MOSCOW, February 2. /TASS/. Russia marks 75 years since the defeat of the Axis troops at the Battle of Stalingrad on Friday, February 2.
The Battle of Stalingrad was one of the most impressive combat operations of World War II in terms of geographic span, duration, intensity, and the size of armies engaged in the battle. Russian historian Andrei Issayev has drawn up a review of the conclusive phases of the battle specially for TASS.
Operation Koltso (Ring)
The capitulation of the so-called northern grouping of the encircled 6th Army of the Wehrmacht became the final straw of the protracted battle, which began in August 1942. The 6th Army laid down its arms and gave up resistance after a powerful attack by Soviet artillery. Its commander, General Karl Strecker threw in the towel. His superior, Field Marshal Friedrich Paulus, surrendered two days earlier.
On February 2, Soviet forces captured more than 33,000 men and officers from the enemy.
The total defeat of Paulus’s Army in Stalingrad resulted in the surrender of 91,000 servicemen of the Wehrmacht, including about 2,500 officers and 24 generals. This was one of the main outcomes of the pivotal battle of World War II.
The Crushing Defeat of the Nazis
The Red Army dealt a devastating blow to the Nazis, just when the Third Reich, according to the notions harbored by its leaders was at the peak of its power. The defeat suffered near Stalingrad had no precedents in the history of the Third Reich. The Red Army encircled and utterly destroyed the largest force the Germans had positioned against the Soviet Union, some 300,000 men and officers.
A collapse of the entire southern sector of the front then followed. It manifested itself in a chaotic retreat of forces of the Army Group A from the North Caucasus and Army Group B towards Rostov-on-Don and Kharkov. The levelling of the 6th Army in Stalingrad was echoed in smaller scale battles on the river Don where the Red Army defeated the allies of Nazi Germany, namely Hungarian and Italian troops.
The losses of manpower suffered by the Wehrmacht in December 1942 and January 1943 did not have any parallel to it before. Only in the summer of 1944, were larger numbers of Nazi troops killed.
How did the Red Army pull off this victory?
Several factors made it possible for the Red Army to launch an unexpected counteroffensive in November 1942. Number one was a logical accumulation of combat reserves. The Soviet command had gradually withdrawn battered divisions behind the lines during the summer operations of 1942, and then filled the vacant positions with newly drafted men, trained them and carried out the necessary replacements.
Secondly, the Red Army went over to a qualitative new level of forming mechanized infantry and armor units. The mobility of the fully-motorized armored and mechanized infantry corps increased considerably. They were now capable of making deep breakthroughs and conducting combat operations in isolation from the main forces, sometimes at distances as extensive as 50 km to 100 km.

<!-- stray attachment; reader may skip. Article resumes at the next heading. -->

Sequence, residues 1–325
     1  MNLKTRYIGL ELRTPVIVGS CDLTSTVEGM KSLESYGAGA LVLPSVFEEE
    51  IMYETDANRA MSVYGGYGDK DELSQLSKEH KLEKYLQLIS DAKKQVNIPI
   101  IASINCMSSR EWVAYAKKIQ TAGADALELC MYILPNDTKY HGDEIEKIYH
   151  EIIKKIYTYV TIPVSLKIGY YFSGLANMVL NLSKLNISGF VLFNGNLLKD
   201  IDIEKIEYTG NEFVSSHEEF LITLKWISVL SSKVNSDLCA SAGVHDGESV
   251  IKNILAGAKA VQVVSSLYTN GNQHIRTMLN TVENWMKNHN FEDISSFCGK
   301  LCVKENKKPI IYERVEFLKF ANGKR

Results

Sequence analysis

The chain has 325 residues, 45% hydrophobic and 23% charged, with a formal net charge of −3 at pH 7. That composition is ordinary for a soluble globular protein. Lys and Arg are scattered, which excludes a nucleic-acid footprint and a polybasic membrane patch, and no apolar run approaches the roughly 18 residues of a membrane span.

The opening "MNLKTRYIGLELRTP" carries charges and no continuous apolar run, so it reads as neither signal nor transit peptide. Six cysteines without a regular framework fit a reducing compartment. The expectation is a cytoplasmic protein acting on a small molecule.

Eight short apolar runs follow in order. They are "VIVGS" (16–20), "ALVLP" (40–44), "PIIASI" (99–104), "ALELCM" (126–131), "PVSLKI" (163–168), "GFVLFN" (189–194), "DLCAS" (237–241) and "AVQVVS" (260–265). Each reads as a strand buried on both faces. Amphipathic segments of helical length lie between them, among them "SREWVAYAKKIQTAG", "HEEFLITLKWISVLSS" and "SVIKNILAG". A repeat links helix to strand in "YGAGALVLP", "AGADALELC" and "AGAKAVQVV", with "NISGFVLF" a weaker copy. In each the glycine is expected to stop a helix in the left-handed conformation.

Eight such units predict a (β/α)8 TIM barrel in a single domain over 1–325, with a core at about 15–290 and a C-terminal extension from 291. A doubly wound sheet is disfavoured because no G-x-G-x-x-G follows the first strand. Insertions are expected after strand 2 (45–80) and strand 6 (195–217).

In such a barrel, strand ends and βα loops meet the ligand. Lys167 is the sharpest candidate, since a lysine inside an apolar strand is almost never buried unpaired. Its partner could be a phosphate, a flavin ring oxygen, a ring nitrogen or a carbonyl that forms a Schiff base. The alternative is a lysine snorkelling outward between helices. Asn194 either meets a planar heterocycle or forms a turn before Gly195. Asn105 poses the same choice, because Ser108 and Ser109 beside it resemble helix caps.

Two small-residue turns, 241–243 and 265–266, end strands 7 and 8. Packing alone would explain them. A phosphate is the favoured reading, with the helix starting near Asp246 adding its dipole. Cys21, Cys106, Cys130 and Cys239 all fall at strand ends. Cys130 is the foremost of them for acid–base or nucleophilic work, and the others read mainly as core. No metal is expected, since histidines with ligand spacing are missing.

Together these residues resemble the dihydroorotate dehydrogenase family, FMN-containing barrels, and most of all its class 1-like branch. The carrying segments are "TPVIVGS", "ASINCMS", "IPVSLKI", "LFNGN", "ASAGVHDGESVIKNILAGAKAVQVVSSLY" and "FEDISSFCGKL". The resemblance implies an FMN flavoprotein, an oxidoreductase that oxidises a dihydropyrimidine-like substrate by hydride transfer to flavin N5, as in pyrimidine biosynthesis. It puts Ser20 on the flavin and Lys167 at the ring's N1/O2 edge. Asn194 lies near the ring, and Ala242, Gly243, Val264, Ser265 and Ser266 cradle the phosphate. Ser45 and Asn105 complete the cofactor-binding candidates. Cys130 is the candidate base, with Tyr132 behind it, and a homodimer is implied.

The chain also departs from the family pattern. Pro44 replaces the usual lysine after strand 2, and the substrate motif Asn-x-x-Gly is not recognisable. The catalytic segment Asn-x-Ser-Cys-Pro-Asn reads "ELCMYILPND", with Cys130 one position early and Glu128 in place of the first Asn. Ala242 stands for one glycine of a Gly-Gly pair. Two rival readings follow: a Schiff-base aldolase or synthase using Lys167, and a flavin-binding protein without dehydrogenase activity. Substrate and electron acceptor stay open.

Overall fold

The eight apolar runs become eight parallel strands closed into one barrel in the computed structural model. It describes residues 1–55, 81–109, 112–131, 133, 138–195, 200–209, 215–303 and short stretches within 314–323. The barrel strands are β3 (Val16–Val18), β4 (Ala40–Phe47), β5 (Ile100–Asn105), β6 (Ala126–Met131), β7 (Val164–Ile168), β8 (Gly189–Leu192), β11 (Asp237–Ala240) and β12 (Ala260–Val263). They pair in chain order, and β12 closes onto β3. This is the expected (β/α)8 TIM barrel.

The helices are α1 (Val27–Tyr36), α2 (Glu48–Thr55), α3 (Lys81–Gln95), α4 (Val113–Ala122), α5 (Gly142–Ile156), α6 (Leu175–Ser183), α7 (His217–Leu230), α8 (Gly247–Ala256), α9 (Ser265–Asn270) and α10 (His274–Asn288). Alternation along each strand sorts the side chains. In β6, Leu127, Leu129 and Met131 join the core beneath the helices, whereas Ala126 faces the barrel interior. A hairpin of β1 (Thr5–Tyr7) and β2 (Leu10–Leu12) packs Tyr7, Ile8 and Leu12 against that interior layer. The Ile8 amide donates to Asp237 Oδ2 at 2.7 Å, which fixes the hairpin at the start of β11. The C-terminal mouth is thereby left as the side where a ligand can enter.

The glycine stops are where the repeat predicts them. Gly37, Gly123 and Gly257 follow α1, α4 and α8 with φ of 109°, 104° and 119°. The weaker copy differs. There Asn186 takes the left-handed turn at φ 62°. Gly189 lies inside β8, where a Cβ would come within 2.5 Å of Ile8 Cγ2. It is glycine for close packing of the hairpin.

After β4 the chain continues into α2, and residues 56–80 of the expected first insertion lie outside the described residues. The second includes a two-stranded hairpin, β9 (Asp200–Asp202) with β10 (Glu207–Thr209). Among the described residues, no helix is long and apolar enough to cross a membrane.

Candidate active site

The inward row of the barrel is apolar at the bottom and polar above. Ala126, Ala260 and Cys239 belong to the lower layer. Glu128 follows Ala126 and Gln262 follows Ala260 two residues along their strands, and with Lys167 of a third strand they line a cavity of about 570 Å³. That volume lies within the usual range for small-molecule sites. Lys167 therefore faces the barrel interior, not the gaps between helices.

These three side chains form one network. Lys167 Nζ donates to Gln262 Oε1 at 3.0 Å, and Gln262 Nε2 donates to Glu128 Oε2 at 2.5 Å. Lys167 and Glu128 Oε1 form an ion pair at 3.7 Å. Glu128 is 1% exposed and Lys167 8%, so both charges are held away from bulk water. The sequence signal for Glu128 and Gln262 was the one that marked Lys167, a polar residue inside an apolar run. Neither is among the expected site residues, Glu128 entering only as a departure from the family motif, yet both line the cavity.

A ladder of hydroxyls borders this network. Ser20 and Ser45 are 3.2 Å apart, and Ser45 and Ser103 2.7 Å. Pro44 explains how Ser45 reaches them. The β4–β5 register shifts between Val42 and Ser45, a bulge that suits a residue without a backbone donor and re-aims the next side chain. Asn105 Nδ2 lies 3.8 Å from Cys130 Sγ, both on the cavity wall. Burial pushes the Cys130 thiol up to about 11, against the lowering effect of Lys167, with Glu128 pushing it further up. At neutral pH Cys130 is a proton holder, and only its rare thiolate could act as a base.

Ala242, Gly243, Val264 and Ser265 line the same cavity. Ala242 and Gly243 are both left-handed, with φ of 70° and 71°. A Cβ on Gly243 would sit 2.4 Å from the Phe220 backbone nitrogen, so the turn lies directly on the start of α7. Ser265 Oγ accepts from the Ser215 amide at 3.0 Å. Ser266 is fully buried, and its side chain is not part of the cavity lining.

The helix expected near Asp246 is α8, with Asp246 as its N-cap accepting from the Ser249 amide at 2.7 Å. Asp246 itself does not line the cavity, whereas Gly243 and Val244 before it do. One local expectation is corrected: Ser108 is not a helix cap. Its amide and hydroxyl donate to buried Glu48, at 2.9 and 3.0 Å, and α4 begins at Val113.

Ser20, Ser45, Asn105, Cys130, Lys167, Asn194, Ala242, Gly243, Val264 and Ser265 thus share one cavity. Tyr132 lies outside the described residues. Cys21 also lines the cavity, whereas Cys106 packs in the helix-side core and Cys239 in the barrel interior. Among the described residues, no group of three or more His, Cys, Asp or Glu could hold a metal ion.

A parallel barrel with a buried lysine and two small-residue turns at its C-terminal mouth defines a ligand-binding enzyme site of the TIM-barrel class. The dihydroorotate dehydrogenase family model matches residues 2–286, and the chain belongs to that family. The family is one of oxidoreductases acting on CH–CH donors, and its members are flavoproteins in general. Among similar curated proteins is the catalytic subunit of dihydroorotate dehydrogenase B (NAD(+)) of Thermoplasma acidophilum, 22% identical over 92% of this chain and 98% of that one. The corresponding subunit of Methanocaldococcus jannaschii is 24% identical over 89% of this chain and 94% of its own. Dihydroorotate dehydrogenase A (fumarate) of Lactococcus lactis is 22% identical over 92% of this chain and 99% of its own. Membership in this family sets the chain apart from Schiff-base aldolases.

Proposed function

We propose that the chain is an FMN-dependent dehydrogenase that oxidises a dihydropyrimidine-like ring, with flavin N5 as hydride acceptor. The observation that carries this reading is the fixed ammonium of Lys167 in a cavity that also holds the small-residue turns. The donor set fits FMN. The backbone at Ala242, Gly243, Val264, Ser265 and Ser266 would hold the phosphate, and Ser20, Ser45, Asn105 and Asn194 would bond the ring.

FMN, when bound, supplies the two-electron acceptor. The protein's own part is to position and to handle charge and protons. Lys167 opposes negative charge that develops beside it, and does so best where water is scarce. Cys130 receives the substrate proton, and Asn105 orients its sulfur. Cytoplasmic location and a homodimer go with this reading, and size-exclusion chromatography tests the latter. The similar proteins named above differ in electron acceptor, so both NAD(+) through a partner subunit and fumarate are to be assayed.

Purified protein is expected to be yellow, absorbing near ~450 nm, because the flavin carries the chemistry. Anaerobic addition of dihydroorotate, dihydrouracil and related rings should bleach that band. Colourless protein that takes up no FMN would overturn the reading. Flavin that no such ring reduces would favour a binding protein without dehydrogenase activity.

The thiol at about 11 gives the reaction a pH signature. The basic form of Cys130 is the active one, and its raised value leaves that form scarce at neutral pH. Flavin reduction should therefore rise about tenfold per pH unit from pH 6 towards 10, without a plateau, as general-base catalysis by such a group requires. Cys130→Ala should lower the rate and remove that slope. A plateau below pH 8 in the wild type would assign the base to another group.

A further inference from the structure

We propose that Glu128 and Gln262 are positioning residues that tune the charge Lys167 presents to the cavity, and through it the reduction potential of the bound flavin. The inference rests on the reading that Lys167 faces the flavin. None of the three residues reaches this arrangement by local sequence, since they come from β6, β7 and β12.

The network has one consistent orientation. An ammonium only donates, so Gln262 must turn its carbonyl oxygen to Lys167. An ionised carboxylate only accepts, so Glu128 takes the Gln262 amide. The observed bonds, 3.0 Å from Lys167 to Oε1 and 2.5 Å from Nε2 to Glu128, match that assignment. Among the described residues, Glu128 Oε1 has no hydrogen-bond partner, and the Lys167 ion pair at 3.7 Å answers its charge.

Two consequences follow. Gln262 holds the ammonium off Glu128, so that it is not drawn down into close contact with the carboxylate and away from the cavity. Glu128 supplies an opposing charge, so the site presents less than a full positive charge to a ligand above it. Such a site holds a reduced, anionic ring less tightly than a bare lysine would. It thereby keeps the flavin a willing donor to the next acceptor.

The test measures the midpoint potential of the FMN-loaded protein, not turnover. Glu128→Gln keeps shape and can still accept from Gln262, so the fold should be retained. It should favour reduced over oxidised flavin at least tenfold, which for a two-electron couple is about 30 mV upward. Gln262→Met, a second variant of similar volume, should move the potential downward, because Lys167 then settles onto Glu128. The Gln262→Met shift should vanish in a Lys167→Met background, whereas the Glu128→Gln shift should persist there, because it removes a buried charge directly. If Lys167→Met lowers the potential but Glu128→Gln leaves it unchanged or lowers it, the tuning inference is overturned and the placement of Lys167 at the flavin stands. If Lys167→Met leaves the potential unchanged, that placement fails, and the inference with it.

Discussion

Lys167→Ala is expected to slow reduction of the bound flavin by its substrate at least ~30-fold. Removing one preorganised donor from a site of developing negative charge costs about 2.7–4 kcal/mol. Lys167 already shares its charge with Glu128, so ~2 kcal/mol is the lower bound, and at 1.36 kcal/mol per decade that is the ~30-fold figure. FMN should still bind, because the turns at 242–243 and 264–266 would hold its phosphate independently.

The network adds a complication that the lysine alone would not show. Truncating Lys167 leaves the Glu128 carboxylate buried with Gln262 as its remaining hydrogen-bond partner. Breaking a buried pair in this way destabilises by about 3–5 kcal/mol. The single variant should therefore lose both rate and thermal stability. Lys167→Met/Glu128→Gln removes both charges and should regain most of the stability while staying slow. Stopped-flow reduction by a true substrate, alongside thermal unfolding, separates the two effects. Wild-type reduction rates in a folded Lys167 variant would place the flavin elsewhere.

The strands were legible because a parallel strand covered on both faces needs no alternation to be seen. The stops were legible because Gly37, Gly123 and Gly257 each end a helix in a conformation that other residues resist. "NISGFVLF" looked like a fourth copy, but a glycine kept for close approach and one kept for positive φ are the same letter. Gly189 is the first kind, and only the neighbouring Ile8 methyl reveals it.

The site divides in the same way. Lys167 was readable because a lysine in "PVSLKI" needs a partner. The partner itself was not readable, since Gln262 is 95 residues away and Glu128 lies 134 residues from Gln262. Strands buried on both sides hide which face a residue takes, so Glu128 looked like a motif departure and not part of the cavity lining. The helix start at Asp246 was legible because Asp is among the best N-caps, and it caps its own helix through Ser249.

It was a strike by the mechanized corps from the sparsely populated steppe-lands to the south of Stalingrad where roads were few and far between that caught the Wehrmacht commanders practically by surprise.
The formation of the mechanized corps was as much a revolutionary solution in the first half of the 1940’s, as the establishment of the air-mobile helicopter-airlifted divisions is in our time.
A fact that is important to stress in this context is that the mechanized corps in November 1942 had mostly Soviet-manufactured vehicles in their fleets, as the US supplies by Arctic Convoys could not meet the demands of the Eastern Front yet.
Zhukov and Vassilevsky: Key commanders
Two remarkable Soviet military commanders, Georgy Zhukov and Alexander Vassilevsky, played a vital role in organizing the counteroffensive near Stalingrad [Operation Uranus]. The planning of an offensive of a scale and scope not known before required a great amount of intellect and confidence in one’s own strength.
Resolve and confidence were also required by the commanders of armored and mechanized corps who steered their units towards the targets in the enemy’s rear through the steppes, on terrain without landmarks, through blizzards and fog.
The persistence and courage of the soldiers engaged in Operation Uranus was rewarded when they trapped the 300,000-strong grouping of enemy forces consisting of the 6th Army and a part of the 4th Tank Army in what was then called "a pot" (which in this context stands for "entrapment").
Remarkably, the "pot" turned out to be bigger than the one that Zhukov and Vassilevsky had planned initially.
Germany’s developed economy and advanced technology helped the Wehrmacht’s commanders prolong the resistance of the encircled troops, as the final defeat of Operation Koltso was drawn out from January 10 through February 2, 1943. Isolated pockets of German troops continued fighting amid the ruins of Stalingrad for another two or three days after that but these clashes failed to have any effect on the outcome of the battle anymore.
Surprising as it might seem, a very significant effect achieved by the Battle of Stalingrad lay in the sphere of human psychology. It strengthened the faith of the Red Army soldiers in their ability to overwhelm the enemy, while the Wehrmacht began to increasingly dread the possibility of entrapment.
Last but not least, the Soviet Union’s allies in the anti-Hitler coalition saw in an extremely graphic way the practical ability of the Red Army to wipe out the Nazis’ huge military formations.